After analyzing six years worth of data from the Dark Energy Survey (DES), astronomers have discovered over 130 new minor planets near the edge of our solar system. The Dark Energy Survey, which initially intended only to study the dark energy that's believed to permeate the cosmos, ended up discovering much more along the way. The survey revealed over 300 minor planets beyond Neptune, known as trans-Neptunian objects (TNOs). Out of those 300 minor planets, 139 are brand new discoveries.
The Dark Energy Survey (DES)
The Dark Energy Survey was launched in August 2013 and ended its mission in January 2019. The project analyzed over 300 million distant galaxies, studying various objects such as supernovae and galaxy clusters. Using a custom-made digital camera mounted on the Blanco 4-meter telescope in Chile, they were able to observe 5,000 square degrees of the southern sky. Over 400 scientists hailing from 25 institutions across the world worked together to gather new knowledge regarding dark matter’s influence on the accelerated expansion of the universe.
Discovery of Minor Planets (TNOs)
The survey yielded incredibly precise results, primarily due to the rather meticulous observation methods employed by the researchers on the project. Because of this precision, graduate student Pedro Bernardinelli and professors Gary Bernstein and Masao Sako of the University of Pennsylvania were able to discover the new TNOs. “The number of TNOs you can find depends on how much of the sky you look at and what’s the faintest thing you can find,” said Bernstein.
Since the DES simply wasn’t designed to track TNOs, the team developed an entirely new method of tracking them—by studying their movements over one to two-hour intervals. Bernardinelli, using the first four years of data from the DES, compiled a dataset comprising 7 billion “dots,” which represented objects in the sky. The team used a complex process of elimination to narrow down the dot-candidates, which included everything from stars to supernovae.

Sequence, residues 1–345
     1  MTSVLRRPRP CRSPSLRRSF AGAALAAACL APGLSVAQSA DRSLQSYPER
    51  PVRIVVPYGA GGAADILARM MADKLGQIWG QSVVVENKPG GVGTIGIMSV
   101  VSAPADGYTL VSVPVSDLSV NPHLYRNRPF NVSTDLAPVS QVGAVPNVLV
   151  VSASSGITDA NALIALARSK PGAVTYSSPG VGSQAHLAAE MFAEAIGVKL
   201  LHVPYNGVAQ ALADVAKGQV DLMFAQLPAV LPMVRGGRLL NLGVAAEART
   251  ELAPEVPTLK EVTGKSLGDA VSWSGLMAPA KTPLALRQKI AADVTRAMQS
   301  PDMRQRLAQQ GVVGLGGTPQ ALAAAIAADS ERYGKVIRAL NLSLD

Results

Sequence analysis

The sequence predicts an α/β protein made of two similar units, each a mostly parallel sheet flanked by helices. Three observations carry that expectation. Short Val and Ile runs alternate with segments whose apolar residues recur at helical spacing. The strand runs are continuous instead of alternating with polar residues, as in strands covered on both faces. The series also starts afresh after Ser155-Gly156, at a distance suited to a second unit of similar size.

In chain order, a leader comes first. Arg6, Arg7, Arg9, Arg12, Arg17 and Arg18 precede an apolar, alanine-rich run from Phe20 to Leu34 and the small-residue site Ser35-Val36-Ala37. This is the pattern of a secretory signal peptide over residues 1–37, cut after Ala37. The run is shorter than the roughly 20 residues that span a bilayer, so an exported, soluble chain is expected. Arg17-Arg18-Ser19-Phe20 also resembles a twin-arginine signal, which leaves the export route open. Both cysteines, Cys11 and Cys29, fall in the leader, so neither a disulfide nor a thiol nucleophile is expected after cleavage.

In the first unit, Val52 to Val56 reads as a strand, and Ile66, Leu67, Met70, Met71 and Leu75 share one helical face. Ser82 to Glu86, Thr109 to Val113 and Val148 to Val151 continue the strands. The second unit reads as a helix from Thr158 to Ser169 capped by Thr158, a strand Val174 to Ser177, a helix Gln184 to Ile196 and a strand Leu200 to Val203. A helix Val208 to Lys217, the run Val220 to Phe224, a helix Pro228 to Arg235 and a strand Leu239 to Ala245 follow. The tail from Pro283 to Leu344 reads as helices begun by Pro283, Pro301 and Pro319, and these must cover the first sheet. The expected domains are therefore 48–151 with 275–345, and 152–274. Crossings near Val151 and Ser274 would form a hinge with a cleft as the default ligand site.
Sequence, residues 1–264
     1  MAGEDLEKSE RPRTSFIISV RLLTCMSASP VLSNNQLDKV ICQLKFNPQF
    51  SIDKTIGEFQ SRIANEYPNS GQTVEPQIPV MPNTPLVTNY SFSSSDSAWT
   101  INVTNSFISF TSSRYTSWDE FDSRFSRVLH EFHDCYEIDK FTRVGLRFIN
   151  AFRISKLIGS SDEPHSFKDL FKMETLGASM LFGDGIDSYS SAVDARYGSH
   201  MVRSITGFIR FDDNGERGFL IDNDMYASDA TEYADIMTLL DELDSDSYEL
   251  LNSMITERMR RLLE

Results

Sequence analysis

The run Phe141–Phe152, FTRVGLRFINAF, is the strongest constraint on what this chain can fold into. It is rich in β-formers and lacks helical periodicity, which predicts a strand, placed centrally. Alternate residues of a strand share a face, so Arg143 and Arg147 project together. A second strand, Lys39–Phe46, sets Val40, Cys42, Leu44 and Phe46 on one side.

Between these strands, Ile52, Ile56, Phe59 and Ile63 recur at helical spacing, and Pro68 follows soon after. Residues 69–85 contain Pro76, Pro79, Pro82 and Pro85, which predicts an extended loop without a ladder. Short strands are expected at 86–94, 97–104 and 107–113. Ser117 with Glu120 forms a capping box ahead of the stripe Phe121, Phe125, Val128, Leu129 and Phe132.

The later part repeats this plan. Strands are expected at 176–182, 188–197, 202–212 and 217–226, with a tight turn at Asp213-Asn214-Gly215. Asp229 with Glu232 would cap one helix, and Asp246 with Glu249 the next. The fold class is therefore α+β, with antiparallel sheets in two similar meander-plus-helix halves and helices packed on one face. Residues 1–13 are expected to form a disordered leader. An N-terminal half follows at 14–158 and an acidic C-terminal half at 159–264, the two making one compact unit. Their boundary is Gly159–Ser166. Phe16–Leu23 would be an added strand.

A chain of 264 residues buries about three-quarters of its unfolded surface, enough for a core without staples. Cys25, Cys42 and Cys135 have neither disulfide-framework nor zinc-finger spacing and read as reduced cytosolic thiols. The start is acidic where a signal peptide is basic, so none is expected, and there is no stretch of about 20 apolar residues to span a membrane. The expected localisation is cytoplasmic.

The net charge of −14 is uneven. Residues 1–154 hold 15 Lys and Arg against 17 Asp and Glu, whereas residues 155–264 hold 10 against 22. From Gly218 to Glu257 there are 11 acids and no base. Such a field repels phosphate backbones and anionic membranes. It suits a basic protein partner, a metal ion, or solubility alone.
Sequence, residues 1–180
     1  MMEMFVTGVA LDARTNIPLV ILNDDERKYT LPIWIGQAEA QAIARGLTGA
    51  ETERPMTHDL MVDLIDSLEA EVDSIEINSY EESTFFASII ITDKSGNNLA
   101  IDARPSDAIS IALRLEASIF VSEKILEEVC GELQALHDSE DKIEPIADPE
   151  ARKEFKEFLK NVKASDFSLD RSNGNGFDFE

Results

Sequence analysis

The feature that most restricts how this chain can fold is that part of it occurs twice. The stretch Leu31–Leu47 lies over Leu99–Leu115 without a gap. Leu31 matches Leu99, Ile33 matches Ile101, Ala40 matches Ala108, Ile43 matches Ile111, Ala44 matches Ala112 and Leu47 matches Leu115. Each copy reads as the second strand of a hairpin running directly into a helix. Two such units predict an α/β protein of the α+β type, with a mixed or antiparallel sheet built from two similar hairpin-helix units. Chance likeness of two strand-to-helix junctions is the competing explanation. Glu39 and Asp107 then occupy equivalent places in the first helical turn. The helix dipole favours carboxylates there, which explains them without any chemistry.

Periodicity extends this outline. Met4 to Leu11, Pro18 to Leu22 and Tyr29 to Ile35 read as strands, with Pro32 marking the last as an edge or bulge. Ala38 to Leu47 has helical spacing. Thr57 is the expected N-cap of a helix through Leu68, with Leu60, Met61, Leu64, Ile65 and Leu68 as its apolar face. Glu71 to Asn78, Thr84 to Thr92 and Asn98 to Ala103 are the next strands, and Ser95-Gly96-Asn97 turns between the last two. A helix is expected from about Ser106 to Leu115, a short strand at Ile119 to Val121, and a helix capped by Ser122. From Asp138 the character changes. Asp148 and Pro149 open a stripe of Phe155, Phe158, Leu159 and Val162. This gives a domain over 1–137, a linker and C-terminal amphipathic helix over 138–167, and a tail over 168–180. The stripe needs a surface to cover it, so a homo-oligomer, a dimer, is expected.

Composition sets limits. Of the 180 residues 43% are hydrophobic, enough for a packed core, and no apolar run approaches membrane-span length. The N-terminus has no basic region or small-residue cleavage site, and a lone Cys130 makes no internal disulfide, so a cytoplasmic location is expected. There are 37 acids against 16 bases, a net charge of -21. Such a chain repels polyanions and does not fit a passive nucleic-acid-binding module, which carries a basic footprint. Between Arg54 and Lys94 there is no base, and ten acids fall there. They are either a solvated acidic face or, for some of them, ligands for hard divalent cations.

Since the research only covered the first four years of data collected from the Dark Energy Survey, and since the results were positive, the researchers plan to run the same analysis on the full amount of data. The new method of discovering TNOs will undoubtedly be helpful to many other TNO-hunting endeavors as well—even those working with much larger datasets. “Many of the programs we’ve developed can be easily applied to any other large datasets, such as what the Rubin Observatory will produce,” said Bernardinelli.
The research findings by Bernardinelli, Bernstein, and Sako were published in the Astrophysical Journal Supplement Series. Now that we know about these new TNOs, astronomers will be studying their orbits and origin. The specific details on the new TNOs may hold a great deal of information about our solar system, which could also help in the search for the hypothetical, and ever-elusive, Planet Nine.